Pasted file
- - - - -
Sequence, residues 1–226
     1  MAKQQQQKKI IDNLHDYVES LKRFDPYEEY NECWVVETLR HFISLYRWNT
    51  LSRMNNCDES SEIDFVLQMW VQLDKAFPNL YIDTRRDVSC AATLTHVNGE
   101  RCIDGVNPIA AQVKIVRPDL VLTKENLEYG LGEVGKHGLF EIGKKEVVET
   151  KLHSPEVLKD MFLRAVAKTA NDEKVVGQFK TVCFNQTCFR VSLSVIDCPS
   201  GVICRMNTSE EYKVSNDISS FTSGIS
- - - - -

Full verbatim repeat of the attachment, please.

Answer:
Sequence, residues 1–226
     1  MAKQQQQKKI IDNLHDYVES LKRFDPYEEY NECWVVETLR HFISLYRWNT
    51  LSRMNNCDES SEIDFVLQMW VQLDKAFPNL YIDTRRDVSC AATLTHVNGE
   101  RCIDGVNPIA AQVKIVRPDL VLTKENLEYG LGEVGKHGLF EIGKKEVVET
   151  KLHSPEVLKD MFLRAVAKTA NDEKVVGQFK TVCFNQTCFR VSLSVIDCPS
   201  GVICRMNTSE EYKVSNDISS FTSGIS